It easy to believe that “all” of the students like myself, use STT, but as I now understand, many of his student (like you) use different platforms. I really enjoy using STT, but for now I think I have to use something else. I would like to DAS trader pro with my IB acc. Is that a good alternative for me you think? Will that platform require as much power from my computer as STT?
    Another question. If I`ll use, DAS, I fint it a bit expensive to use STT as a scanner on top of that. Will I have access to more or less the same scanning with DAS and IB? Thank you. God bless.

    1. I would definitely say that STT is a resource hog. It uses about the same amount of CPU power to run my one STT scan (with no current results) as it does to run DAS Pro with 4 or 5 charts and 4 level 2 montages and the high-low ticker (HOD scanner). You don’t need an epic gaming computer to use it but a modern CPU with 8 or more cores is important.

      I don’t see the need to use DAS Pro with IB — it has much better charting, but IB’s platform is fine (except when it comes to OTC stocks — their quotes on those are often inaccurate). IB has some decent (though not very customizable) built-in scanning say to look for top % gainers which I use every day. Both IB and DAS are much more restricted than STT for scanning but they have some pretty useful scanning tools built in.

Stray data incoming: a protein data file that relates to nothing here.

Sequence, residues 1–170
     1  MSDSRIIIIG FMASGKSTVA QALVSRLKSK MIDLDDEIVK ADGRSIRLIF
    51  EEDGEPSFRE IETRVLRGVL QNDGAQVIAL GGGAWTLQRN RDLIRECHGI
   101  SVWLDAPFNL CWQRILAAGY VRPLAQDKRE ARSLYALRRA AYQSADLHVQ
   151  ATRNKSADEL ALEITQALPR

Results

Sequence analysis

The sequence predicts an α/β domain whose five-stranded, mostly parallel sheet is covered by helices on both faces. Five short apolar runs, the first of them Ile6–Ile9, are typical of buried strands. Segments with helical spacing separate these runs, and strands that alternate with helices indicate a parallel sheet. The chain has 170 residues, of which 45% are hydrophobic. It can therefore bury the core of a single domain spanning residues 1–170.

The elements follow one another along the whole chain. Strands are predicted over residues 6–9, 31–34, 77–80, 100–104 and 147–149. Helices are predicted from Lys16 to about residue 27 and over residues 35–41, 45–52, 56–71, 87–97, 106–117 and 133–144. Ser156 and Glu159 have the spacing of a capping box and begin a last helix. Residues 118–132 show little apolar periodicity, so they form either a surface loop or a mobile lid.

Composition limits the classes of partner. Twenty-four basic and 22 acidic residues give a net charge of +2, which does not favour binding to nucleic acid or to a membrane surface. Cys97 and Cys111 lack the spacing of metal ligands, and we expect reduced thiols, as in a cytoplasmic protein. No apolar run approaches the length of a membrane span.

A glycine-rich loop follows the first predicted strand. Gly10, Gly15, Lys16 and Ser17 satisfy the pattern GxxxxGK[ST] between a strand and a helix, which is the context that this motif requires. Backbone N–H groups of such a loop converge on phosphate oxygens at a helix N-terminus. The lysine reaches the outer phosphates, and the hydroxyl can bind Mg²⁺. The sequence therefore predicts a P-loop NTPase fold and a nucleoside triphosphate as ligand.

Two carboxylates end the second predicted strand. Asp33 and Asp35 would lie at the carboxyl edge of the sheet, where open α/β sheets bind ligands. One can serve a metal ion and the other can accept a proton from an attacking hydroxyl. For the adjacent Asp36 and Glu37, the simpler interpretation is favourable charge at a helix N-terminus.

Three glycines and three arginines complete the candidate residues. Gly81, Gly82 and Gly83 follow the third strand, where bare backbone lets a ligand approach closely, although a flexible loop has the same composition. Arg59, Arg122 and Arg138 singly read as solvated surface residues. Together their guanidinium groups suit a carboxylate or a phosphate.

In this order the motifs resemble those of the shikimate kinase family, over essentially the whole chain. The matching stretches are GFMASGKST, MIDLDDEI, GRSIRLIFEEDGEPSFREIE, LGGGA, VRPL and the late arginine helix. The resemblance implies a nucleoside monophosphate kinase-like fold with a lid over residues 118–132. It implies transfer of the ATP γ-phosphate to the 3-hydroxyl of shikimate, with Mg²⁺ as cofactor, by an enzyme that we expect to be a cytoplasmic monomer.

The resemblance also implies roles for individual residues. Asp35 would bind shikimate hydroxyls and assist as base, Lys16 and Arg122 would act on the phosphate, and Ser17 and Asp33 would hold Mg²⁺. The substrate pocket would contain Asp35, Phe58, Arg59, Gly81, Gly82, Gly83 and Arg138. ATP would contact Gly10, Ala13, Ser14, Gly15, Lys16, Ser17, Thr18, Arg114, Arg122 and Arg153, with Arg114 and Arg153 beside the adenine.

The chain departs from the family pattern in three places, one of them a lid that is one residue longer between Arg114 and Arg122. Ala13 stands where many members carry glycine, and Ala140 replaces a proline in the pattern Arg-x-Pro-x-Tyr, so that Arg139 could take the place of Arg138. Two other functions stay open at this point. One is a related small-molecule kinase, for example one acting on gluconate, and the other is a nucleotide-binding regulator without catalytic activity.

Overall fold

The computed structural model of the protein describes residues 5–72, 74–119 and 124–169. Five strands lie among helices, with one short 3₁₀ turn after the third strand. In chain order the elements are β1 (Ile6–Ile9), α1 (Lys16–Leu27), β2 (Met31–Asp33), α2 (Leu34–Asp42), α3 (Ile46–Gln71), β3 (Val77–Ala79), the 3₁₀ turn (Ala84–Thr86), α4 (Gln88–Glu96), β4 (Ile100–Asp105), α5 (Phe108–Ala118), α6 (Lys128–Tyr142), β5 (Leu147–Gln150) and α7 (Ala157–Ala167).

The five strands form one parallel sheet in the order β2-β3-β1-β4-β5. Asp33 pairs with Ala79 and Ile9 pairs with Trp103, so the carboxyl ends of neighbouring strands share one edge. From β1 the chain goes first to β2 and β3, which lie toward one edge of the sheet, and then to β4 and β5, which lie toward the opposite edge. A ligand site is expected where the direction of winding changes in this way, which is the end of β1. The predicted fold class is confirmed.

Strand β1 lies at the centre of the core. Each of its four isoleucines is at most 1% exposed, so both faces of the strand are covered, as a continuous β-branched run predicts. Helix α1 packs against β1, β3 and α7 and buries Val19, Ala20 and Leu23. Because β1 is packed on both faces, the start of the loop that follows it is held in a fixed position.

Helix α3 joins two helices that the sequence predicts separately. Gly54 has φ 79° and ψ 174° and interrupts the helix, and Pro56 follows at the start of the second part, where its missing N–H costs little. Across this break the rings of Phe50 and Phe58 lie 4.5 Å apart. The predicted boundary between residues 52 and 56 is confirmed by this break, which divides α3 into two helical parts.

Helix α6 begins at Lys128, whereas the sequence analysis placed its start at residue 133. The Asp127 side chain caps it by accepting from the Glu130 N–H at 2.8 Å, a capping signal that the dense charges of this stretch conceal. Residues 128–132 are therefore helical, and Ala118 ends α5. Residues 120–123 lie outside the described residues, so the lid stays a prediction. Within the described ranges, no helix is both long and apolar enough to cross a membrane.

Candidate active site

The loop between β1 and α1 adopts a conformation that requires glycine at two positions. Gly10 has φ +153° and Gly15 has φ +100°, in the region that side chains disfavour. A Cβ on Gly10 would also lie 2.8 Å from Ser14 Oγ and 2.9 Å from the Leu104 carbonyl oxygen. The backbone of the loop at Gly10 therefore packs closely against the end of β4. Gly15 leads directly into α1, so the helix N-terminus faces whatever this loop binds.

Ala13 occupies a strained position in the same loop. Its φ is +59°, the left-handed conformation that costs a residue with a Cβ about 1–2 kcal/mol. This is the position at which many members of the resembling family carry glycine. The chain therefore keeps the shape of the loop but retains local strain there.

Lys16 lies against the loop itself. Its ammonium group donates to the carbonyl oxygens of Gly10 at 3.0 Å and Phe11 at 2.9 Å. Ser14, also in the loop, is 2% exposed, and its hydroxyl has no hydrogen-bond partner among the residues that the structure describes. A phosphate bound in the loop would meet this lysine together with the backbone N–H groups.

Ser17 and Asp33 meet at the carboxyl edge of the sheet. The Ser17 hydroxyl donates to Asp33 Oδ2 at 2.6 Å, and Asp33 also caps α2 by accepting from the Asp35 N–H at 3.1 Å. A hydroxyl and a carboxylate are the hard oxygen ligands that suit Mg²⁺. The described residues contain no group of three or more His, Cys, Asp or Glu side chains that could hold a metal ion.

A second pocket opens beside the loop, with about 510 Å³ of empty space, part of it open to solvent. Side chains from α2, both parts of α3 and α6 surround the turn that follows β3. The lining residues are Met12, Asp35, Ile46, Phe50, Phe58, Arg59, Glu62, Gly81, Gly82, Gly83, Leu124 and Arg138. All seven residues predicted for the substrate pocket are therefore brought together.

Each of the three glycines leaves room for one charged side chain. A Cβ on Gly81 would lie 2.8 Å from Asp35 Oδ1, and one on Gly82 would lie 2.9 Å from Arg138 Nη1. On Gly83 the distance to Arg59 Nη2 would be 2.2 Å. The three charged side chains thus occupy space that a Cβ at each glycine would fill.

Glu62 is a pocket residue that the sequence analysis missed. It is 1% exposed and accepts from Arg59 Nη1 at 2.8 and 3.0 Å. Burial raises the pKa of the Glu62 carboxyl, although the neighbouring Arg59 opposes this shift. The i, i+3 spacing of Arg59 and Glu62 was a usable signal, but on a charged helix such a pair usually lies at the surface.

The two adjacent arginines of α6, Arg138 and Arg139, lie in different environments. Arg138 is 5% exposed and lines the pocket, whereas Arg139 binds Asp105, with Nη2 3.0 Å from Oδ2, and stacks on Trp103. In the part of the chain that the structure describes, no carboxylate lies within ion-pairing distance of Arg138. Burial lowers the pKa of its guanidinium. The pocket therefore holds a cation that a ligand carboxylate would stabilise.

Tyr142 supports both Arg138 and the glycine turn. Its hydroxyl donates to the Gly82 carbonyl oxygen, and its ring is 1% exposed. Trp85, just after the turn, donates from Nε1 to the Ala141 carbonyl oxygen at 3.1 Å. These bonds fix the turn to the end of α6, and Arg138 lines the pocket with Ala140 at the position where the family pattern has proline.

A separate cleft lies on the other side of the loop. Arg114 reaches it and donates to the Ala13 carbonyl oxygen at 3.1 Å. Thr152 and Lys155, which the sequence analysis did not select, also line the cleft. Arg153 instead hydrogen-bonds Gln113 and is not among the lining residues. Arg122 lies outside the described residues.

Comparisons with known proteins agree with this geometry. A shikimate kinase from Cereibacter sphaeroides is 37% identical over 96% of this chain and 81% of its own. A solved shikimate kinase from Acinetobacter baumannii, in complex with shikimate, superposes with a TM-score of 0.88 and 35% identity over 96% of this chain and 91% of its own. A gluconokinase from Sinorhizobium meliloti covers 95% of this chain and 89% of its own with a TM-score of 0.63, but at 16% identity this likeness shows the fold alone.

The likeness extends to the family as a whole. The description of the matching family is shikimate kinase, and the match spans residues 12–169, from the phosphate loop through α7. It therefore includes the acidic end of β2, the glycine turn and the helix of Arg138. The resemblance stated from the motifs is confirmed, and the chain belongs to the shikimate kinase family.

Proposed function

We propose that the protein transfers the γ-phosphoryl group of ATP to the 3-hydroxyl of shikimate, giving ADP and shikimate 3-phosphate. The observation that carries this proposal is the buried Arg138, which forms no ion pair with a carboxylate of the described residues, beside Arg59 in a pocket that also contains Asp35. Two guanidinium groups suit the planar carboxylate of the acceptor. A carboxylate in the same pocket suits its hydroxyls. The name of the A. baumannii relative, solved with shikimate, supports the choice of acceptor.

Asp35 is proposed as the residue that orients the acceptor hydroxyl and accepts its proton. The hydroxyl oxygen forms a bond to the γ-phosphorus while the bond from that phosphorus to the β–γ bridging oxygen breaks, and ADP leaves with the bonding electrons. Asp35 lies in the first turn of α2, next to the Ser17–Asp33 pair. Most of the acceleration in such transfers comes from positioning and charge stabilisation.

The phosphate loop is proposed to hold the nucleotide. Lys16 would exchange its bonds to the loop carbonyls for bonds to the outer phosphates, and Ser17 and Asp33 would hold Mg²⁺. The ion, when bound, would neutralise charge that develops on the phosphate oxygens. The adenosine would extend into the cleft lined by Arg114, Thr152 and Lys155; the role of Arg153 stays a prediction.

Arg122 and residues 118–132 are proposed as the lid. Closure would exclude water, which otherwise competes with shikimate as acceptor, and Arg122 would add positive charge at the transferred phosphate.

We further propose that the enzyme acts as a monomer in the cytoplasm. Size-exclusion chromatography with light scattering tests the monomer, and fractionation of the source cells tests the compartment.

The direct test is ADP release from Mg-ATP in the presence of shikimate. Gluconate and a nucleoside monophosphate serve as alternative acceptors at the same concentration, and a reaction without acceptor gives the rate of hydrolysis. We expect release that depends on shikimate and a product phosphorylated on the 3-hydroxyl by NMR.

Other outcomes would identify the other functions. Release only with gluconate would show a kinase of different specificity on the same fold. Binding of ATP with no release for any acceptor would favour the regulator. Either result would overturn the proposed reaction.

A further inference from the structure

1. Thank you so much for your reply. I will check out IB’ plattform since its allready available for me as their customer. And maybe also DAS after that.
        Since english is not my native language, and beeing a newbie (!!), I find it a bit dificult to know which ad-on features to get in IB tws, meaning L2 i gues… Im learning little by little..and currently doing otc and nasdaq.. can you point me in the right direction? There are so many options.. thanks. Hopefully I will be able to thank you at a traders convention in the future.

  3. For IB’s data I recommend (all are listed under North America) for level 1: Nasdaq (Network C) Top of Book (L1) $1.50/month, NYSE (Network A) Top of Book (L1) Billed by IB $1.50/month, Amex (Network B) Top of Book $1.50/month, OPRA (if you want to trade options) (fee waived if you do over $20/month in commissions). For OTC stocks get Global OTC Equities (L2) $1.50/month, OTC Markets Top of Book (L1) $6/month. If you also want level 2 I recommend Nasdaq Totalview-Openview (Bundled) ($15/month) and OTC Markets Depth of Book (L2) ($17/month).